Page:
Interest rates have experienced significant volatility over the past few years given the pandemic, shut-downs, re-opening, additional waves of infection, global supply chain issues, and now, the Russian invasion of Ukraine.

Source: Bloomberg; Nottingham Advisors 2022

When market interest rates decline, bond prices tend to rise. For example, a 5-year Treasury bond with a 2% coupon (the amount of interest paid annually), trading at face value ($1,000), and yields 2%. If market rates decline to 1%, the bond’s price must rise to reduce the yield to the market level. This will result in a price higher than face value (the amount you receive when the bond matures), which will offset a portion of the coupon payment that you receive, lowering the bond’s yield to the current market rate. A bond portfolio’s value increases, as market interest rates decrease.

Source: eTrade;

This move is magnified by the length of the average maturity/duration of the bonds. More duration results in larger price movements.

Interest rates plunged in early 2020 as the pandemic came into focus. The 10-year Treasury bond yield declined to ½ of 1% (50 basis points) at its lowest point. A yield that low clearly signals strong concerns about future economic growth, which makes sense in the middle of a pandemic, amid rolling economic shut-downs. Even with a cloudy economic outlook, this large decline in yields was a positive for the performance of bond portfolios. The longer the duration, the higher the return realized.

Source: Bloomberg; Nottingham Advisors 2022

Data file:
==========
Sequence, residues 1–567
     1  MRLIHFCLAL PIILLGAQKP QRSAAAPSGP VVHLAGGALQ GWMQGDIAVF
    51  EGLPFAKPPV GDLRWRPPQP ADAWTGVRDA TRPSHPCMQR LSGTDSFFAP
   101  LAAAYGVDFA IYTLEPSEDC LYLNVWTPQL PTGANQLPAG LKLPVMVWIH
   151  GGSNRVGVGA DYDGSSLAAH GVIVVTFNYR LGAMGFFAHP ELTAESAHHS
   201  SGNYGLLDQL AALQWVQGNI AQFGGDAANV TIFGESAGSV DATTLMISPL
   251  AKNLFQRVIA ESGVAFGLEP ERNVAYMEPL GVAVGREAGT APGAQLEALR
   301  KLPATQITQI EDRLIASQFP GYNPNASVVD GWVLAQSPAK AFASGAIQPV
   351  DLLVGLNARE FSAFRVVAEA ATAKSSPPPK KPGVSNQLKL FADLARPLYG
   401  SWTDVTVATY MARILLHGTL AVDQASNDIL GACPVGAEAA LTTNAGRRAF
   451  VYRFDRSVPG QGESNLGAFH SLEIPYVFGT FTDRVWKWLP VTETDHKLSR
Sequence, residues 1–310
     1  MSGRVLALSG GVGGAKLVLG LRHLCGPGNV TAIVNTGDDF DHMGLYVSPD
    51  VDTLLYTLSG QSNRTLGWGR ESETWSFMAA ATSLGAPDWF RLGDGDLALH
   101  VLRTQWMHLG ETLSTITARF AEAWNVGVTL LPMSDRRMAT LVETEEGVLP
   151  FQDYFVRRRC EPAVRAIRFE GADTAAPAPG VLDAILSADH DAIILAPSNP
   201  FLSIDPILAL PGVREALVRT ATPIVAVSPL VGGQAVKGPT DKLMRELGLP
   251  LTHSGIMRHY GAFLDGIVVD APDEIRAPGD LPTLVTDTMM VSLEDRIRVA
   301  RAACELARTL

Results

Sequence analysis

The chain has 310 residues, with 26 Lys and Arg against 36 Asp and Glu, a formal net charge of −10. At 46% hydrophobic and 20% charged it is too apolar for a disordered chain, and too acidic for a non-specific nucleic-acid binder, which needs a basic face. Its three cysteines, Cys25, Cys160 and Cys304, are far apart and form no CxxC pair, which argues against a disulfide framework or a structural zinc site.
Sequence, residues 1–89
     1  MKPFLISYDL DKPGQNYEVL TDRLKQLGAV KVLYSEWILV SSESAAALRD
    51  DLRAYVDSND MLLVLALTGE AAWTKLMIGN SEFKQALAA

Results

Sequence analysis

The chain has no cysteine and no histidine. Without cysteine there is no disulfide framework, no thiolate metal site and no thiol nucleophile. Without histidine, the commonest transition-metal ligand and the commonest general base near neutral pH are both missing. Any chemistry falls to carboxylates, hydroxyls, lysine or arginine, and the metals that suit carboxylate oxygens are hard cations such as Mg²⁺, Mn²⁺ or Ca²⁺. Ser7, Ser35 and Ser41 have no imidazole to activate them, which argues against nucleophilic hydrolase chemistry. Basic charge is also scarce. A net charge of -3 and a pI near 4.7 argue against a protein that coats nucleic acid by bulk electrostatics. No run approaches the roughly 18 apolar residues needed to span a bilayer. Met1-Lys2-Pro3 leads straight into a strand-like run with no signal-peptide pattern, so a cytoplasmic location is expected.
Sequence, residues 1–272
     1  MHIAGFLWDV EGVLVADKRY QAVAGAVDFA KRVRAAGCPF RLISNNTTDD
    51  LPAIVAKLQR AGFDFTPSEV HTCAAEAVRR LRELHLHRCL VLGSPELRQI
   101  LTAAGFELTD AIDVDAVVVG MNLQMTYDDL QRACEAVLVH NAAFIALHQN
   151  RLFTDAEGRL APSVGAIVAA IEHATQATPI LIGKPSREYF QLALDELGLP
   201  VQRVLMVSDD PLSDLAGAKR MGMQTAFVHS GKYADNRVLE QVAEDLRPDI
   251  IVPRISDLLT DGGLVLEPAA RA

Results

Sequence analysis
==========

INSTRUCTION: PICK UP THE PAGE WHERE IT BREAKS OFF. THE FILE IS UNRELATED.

There is some symmetry in how bond prices move. In 2020, prices went up as interest rates went down. In 2021 and into 2022, prices reversed course and went down as interest rates have gone up.

Source: eTrade;

A negative return can come as a surprise to bond investors. Bonds typically exhibit less price volatility than other investments, provide ballast within a portfolio when riskier assets decline in price and can go many years without producing a negative calendar year return. In almost 50 years of history, the Bloomberg Intermediate Government/Credit bond index has only recognized a handful of negative annual returns.

Source: Bloomberg; Nottingham Advisors 2022

Even with a long history or providing relatively stable returns, bonds are not invulnerable. In a challenging rising interest rate environment, drawdowns are difficult to sidestep. With domestic inflation approaching double digits, and the Federal Reserve positioning itself to aggressively raise interest rates while reducing its Quantitative Easing (QE) program of buying significant amounts of Treasury bonds, fixed income investors face a difficult backdrop. Year to date, bonds have experienced one of their worst spates of performance in recent history, with the longest Duration portfolios being impacted the most.

Source: Bloomberg; Nottingham Advisors 2022

There are some strategies that can be incorporated into portfolios to help reduce the negative impact of rising interest rates.

  • Reducing the Duration of bond portfolios during periods of rising rates provides some insulation, lessening the severity of a drawdown.
  • Floating-rate fixed income securities with minimal duration provide protection against the negative price impact created by rising interest rates.
  • Higher yielding bonds that produce more cash flow can also provide some cushion by allowing a portfolio to earn its way back from price declines at a faster rate than a lower yielding portfolio would be able to.
  • Positions that have been negatively impacted can be utilized for tax-loss swaps, offsetting gains/income and perhaps creating a carryforward to offset future taxes.